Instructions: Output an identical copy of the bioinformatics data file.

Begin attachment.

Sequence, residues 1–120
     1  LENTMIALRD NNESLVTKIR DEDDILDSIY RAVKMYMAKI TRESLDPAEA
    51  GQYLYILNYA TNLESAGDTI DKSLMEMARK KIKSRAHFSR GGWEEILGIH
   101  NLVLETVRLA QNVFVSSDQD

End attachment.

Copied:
Sequence, residues 1–120
     1  LENTMIALRD NNESLVTKIR DEDDILDSIY RAVKMYMAKI TRESLDPAEA
    51  GQYLYILNYA TNLESAGDTI DKSLMEMARK KIKSRAHFSR GGWEEILGIH
   101  NLVLETVRLA QNVFVSSDQD